The prefrontal cortex (and in particular the left hemisphere) is also involved in the formation of new episodic memories (also known as episodic encoding). Patients with damage to the prefrontal cortex can learn new information, but tend to do so in a disordered fashion. For example, they might show normal recognition of an object they had seen in the past, but fail to recollect when or where it had been viewed (Janowsky et al., 1989). Some researchers believe that the prefrontal cortex helps organize information for more efficient storage, drawing upon its role in executive function. Others believe that the prefrontal cortex underlies semantic strategies which enhance encoding, such as thinking about the meaning the study material or rehearsing it in working memory (Gabrieli et al., 1998).
Episodic memory can be thought of as a "map" that ties together items in semantic memory. For example, semantic memory will tell you what a "dog" looks and sounds like. All episodic memories concerning your dog will reference this single semantic representation of "dog" and, likewise, all new experiences with your dog will modify your single semantic representation of your dog.
Some researchers believe that episodic memories are converted from episodic into semantic memories over time. In this process, most of the episodic information about a particular event is generalized and the context of the specific events is lost. One modification of this view is that episodic memories which are recalled often are remembered as a kind of monologue. If you tell and re-tell a story repeatedly, you may feel that you no longer remember the event, but that what you're recalling is a kind of pre-written story.
Others believe that you always remember episodic memories as episodic memories. Of course, episodic memories do inform semantic knowledge and episodic memories are reliant upon semantic knowledge. The point is that some people do not believe that all episodic memories will inevitably distill away into semantic memory.
In 1997, there was little evidence for episodic memory outside of humans. This is probably due to the difficulty in testing for it in animals. To meet the criteria of episodic memory, as espoused by Tulving (1983), evidence of conscious recollection must be provided. But demonstrating episodic memory in the absence of language, and therefore in non-human animals, is impossible because there are no agreed non-linguistic behavioural indicators of conscious experience (Griffiths et al., 1999).
Clayton & Dickinson (1998) were the first to provide evidence that animals may possess episodic memory. They demonstrated that Western Scrub-jays (Aphelocoma californica) remember where they cached different food types and discriminately recovered them, depending on the perishability of the item and the amount of time that elapsed since caching. Thus, scrub-jays appear to remember the ‘what-where-and-when’ of specific caching events in the past. Clayton & Dickinson (1998) argued that such performance met the behavioural criteria for episodic memory. However, because the study did not address the phenomenological aspects of episodic memory, the authors referred to this ability as “episodic-like” memory.
According to a study done by the University of Edinburgh in 2006 hummingbirds are the first animal to demonstrate two aspects of episodic memory - the ability to recall where certain flowers were located and how recently they were visited. Scientists tracked how often hummingbirds visited eight artificial flowers filled with a sucrose solution in the birds' feeding grounds. They refilled half the flowers at 10 minute intervals and the other half 20 minutes after they had been emptied. The birds' return to the flowers matched the refill schedules: flowers refilled at 10-minute intervals were visited sooner. "To our knowledge, this is the first demonstration that animals in the wild can remember both the locations of food sources and when they visited them," said Susan Healy, of the University of Edinburgh.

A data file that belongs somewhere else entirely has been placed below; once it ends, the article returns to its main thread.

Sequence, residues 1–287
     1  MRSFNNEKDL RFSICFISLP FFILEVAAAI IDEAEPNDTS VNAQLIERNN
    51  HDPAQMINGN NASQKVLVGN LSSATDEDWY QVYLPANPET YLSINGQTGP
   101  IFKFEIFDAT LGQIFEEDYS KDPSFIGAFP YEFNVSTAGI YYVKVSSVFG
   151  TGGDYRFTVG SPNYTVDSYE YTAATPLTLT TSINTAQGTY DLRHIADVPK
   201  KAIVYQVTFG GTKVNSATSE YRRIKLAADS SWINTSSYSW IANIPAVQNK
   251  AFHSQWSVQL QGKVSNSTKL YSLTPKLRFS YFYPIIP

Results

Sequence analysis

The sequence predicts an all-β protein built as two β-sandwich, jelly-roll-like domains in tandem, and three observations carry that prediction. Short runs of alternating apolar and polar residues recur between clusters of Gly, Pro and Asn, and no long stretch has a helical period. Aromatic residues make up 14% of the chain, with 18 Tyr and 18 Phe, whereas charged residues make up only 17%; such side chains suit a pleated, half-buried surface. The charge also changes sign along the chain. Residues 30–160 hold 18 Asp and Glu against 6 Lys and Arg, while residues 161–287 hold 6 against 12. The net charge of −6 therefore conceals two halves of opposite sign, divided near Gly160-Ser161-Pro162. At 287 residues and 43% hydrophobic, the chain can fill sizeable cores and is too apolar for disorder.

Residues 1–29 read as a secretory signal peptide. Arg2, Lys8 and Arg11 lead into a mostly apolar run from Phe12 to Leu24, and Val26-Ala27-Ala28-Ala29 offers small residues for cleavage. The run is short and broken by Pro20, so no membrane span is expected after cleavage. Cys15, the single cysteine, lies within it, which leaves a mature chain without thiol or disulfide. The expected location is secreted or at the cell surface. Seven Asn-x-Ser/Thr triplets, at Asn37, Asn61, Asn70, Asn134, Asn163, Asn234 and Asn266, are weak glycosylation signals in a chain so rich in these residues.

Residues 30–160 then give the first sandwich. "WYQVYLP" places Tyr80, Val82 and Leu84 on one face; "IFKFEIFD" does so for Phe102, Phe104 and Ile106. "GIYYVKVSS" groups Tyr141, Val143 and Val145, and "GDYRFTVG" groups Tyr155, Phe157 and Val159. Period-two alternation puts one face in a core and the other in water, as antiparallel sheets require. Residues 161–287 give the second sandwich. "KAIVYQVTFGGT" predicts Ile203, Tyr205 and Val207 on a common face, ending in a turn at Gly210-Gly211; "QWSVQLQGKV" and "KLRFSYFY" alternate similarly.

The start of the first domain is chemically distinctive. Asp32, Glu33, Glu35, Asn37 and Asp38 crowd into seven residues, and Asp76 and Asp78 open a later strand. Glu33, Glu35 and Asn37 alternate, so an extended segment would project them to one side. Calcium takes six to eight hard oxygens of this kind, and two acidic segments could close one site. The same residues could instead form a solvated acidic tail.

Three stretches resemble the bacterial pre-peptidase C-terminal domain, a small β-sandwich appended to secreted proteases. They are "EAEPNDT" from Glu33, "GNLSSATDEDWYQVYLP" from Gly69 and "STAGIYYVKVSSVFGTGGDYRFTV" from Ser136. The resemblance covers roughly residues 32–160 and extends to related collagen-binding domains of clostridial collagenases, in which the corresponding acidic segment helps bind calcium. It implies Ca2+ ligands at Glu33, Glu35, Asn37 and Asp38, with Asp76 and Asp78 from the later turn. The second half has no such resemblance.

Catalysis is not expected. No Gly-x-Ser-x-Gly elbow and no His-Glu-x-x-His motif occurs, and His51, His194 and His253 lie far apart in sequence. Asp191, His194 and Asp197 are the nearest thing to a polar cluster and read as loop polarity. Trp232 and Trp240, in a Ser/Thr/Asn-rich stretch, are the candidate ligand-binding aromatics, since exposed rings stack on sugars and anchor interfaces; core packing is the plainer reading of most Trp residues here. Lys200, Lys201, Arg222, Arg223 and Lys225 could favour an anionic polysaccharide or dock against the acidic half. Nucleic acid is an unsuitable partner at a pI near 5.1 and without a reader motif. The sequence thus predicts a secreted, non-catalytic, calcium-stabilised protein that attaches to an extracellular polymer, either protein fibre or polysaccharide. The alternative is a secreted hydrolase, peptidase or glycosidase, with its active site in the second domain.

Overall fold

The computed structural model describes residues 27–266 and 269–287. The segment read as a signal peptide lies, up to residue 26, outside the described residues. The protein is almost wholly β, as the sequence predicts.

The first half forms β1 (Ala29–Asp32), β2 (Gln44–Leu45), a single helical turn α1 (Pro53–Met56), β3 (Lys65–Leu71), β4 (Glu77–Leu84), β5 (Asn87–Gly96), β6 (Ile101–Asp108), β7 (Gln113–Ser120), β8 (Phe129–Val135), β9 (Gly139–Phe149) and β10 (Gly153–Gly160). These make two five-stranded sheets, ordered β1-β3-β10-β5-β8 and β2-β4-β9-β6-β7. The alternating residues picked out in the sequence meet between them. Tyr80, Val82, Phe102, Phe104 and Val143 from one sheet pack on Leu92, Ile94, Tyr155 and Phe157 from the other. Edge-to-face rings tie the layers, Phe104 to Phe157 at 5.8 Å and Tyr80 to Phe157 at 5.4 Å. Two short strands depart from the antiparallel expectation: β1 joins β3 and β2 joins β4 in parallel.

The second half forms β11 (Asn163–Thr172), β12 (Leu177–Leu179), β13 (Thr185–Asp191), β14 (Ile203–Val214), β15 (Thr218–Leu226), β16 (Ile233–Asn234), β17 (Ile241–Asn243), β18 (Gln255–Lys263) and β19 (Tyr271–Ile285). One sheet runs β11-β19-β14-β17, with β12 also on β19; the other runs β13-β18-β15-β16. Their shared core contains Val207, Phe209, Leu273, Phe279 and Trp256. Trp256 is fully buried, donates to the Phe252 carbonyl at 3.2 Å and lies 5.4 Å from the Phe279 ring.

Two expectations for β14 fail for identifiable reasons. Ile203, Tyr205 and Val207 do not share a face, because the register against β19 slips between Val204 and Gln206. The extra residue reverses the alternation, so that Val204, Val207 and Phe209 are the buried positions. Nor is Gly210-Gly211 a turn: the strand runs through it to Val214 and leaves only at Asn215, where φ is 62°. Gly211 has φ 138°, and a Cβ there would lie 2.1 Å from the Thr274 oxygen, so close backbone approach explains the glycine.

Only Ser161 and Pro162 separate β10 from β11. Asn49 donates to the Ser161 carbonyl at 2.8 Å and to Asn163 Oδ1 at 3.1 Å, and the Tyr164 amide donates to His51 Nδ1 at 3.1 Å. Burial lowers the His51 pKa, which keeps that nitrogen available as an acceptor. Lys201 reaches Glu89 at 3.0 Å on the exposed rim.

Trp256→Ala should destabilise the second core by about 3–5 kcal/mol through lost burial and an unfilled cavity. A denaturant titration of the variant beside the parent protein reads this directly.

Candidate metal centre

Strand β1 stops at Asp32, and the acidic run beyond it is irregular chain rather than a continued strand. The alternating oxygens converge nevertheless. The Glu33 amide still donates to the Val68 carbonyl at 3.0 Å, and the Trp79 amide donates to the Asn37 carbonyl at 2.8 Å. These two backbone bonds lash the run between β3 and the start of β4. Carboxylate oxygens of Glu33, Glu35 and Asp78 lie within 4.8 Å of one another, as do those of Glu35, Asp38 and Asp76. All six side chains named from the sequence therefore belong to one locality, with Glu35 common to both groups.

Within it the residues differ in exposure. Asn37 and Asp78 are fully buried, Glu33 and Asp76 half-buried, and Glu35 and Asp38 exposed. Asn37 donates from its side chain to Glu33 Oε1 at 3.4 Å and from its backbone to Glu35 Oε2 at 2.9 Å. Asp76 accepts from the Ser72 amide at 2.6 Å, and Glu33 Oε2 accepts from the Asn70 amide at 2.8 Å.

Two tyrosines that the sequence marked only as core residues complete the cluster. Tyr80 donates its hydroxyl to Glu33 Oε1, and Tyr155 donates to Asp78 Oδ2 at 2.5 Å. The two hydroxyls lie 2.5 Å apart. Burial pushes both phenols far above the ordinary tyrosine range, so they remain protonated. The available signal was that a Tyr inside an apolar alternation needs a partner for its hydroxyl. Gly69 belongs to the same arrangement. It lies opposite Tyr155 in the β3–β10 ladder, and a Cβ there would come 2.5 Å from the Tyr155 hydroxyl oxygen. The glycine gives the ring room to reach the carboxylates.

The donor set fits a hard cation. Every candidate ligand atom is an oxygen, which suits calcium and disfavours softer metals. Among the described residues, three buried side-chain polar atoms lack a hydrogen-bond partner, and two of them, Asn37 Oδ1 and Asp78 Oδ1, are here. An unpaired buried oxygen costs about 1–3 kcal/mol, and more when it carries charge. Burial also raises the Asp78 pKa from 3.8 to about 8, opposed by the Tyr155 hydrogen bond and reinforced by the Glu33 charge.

Other studies have demonstrated this episodic-like memory in other animal species, which have brains more similar to humans. For example, Kart-Teke and colleagues have demonstrated rats' preference for items it sees which is dependent on what it saw, where it saw it and when it saw it (Kart-Teke et al, 2006). In addition, studies by Eacott and colleagues (Eacott et al, 2005) have shown rats can recall (remember without any cueing influences) what they saw and where depending on which past situation they are being asked to remember.
Nonetheless, some scholars remain cautious about comparisons to human episodic memory (Suddendorf & Busby, 2003). Purported episodic-like memory often seems fixed to a particular domain or could be explained in terms of procedural or semantic memory. The problem may be better tractable by studying episodic memory's adaptive counterpart: the capacity to flexibly imagine future events. Suddendorf (2006) argues that the emergence of the human capacity to travel mentally to past and future events may have been a prime mover in hominin evolution.
A recent experiment addressed one of Suddendorf and Busby (2003)'s specific criticisms (the Bischof-Köhler hypothesis, which states that nonhuman animals can only take actions based on immediate needs, as opposed to future needs). Correia and colleagues demonstrated that Western scrub-jays can selectively cache different types of foods depending on which type of food they will desire at a future time, offering strong evidence against the Bischof-Köhler hypothesis by demonstrating that scrub-jays can flexibly adjust their behavior based on past experience of desiring a particular food.